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Drach;-4. A new and corrected Atlas, on thirty-seven plates, con- 20. Commentarius Grammaticus, in Vetus Testamentum in sisting of maps and other engravings, to illustrate the Scripture usum maxime Gymnasiorum et Academiarum adornatus. ScripHistory ;-and, 5. A notice of the best works treating on the Bible sit Franc. Jos. Valent. Dominicus MAURER. generally, and on each book in particular. And as M. Drach in his
3 Fasciculi formnotes often refers to his “Letters d'un Rabbin Converti aux Israelites ing one volume. Lipsiæ, 1832–1834, 8vo. ses Frères" (Paris, 1825–1827, 8vo.), it will be desirable to add This is strictly a grammatical commentary, the author of which these letters to the work itself. An Italian translation of M. Drach's has a strong leaning in favour of those neologian interpretations edition of the Bible de Vence was published at Milan in 1830 and which explain the Messianic Prophecies of any one rather than the following years.
Messiah himself. Dr. Maurer has so perpetually referred his rea15. Chais.—La Sainte Bible, avec un Commentaire Littéral, ders to the valuable Hebrew Grammars of Gesenius and Ewald et des Notes choisies, tirées de divers Auteurs Anglois, &c., par that his work is of comparatively little use, except to those who
(expressly in order that they may familiarize themselves with them), Charles Chais. Hague, 1743–1790, 7 vols. 4to.
may happen to possess those Grammars. Besides a French translation, which in general is judicious, this learned and elaborate work contains a valuable comment on the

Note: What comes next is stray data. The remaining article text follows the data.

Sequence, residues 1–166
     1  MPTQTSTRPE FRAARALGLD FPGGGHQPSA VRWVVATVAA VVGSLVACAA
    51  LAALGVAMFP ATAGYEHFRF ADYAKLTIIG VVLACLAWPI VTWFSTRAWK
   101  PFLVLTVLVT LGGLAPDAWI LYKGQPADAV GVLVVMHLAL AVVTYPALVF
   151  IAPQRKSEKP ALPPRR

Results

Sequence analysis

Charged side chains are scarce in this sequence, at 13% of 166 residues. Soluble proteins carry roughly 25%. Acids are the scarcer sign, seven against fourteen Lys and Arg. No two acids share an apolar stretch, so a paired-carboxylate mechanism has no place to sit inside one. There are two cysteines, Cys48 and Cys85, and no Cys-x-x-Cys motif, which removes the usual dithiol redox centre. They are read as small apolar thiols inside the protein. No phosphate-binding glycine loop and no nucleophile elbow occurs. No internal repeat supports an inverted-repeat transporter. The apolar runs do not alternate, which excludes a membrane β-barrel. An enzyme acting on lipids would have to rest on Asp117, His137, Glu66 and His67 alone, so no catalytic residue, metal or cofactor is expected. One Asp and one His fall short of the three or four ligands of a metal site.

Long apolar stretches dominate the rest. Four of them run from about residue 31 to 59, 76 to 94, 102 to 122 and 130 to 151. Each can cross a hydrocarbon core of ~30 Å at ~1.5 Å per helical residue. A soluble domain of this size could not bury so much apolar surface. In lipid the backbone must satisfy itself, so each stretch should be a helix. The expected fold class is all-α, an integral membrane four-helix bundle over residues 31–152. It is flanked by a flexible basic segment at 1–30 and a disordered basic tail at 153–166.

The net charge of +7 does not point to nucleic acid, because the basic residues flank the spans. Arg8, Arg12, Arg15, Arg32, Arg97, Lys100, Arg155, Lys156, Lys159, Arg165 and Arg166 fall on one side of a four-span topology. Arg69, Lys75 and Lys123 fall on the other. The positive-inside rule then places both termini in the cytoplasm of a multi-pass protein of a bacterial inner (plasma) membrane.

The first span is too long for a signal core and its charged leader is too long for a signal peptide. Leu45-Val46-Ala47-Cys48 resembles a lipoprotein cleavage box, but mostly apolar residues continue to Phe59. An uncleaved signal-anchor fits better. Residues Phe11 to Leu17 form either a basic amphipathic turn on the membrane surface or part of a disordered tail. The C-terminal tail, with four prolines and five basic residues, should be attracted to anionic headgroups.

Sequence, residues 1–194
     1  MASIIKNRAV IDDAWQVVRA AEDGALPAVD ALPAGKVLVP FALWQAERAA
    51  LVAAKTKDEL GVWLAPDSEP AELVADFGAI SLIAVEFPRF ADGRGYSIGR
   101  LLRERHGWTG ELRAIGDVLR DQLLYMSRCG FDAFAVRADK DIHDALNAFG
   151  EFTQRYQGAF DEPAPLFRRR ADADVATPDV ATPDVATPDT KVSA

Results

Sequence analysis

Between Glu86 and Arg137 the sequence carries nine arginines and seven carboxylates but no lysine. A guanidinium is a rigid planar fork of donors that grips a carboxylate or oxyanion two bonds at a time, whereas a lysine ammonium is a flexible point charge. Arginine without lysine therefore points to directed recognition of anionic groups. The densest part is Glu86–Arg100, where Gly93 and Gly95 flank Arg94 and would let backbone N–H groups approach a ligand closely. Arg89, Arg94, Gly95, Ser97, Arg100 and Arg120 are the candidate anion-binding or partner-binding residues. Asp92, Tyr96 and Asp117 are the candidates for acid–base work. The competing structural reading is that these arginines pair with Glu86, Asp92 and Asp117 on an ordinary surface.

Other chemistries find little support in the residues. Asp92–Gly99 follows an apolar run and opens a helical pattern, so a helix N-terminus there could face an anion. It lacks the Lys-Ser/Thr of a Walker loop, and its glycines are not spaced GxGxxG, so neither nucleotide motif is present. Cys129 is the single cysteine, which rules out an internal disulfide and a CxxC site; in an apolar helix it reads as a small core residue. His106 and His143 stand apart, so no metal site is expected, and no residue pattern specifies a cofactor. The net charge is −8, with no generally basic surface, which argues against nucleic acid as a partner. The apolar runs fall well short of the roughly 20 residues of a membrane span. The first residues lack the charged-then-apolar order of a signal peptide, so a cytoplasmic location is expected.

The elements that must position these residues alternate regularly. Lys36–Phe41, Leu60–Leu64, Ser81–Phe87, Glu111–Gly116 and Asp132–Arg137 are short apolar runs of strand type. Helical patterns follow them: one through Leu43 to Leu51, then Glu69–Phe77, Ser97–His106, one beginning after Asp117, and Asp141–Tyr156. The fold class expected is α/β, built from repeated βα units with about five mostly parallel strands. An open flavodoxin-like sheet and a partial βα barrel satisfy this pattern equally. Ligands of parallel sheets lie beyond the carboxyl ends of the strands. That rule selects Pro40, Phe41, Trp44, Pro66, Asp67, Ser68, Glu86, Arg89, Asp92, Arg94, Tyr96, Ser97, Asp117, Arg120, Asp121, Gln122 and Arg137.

21. La Sainte Bible, en Latin et en François, suivie d'un DicOld Testament as far as the end of the historical books. The tionnaire Etymologique, Géographique, et Archéologique. Paris, seventh volume was posthumous, and was edited by the late Rev. 1828–1834, 13 tomes, 8vo. Dr. Maclaine. “It is much to be regretted that the learned and The principal recommendation of this beautifully printed but pious author did not complete the whole. What he has published costly edition of the French Version of the Scriptures, is the Etymohowever, at long intervals, is excellent. His notes are chiefly logical, Geographical, and Archäological Dictionary, which was taken, as he professes, from the best English commentators, to whom announced as being compiled by M. Barbier du Bocage, under he gives a decided preference above ihe foreign, Houbigant, Cal. whose direction an Atlas, possessing more than ordinary claims 10 mel, &c.; all of whom he appears to have carefully studied. It may attention on account of its accuracy, was to be designed and entherefore be justly considered as a considerable and valuable im- graved. The version is that of De Sacy, which is printed in provement upon his predecessors, of every description, as far as it columns, and below it is given in smaller characters the Latin Vulgoes." (Dr. Hales.)
gate. The first volume contains a Dissertation on the Authenticity 16. HOC BiGANT.-Caroli Francisci HOU BIGANTI Notæ Cri- of the Books of the Old Testament; and to each book of Scripture ticæ in Universos Veteris Testamenti Libros, cum Hebriace, tum
is prefixed a short preface explanatory of its contents. The work Græce scriptos. Cum integris ejusdem Prolegomenis. Franco- guished French artists, after the designs of Deveria. The thirteenth
is adorned with sixty-four engravings, executed by the most distinfurti ad Mænum, 1777, 2 tomis, 4to.
volume contains the Chronology of the Bible, together with an inA neat reprint of the Prolegomena and notes annexed by Houbi- dex of the matters contained in the Scriptures, an explanatory Dicgant to his Critical Edition and Version of the Old Testament, tionary of the Hebrew, Chaldee, Syriac, and Greek names occurwhich has already been noticed in p. 36. of this Appendix.
ring therein, and an archæological and philological Dictionary of the
Bible. This last is for the most part derived from Calmet's well17. Jo. Aug. Datan Libri Veteris Testamenti, ex Recensione known Dictionary: those articles, which are not designated by his Textûs Hebræi et Versionum Antiquarum, Latine versi, notis phi- name, have been compiled from the most recent authorities. lologicis et criticis illustrati. Halæ, 1773--1789, 6 vols. 8vo.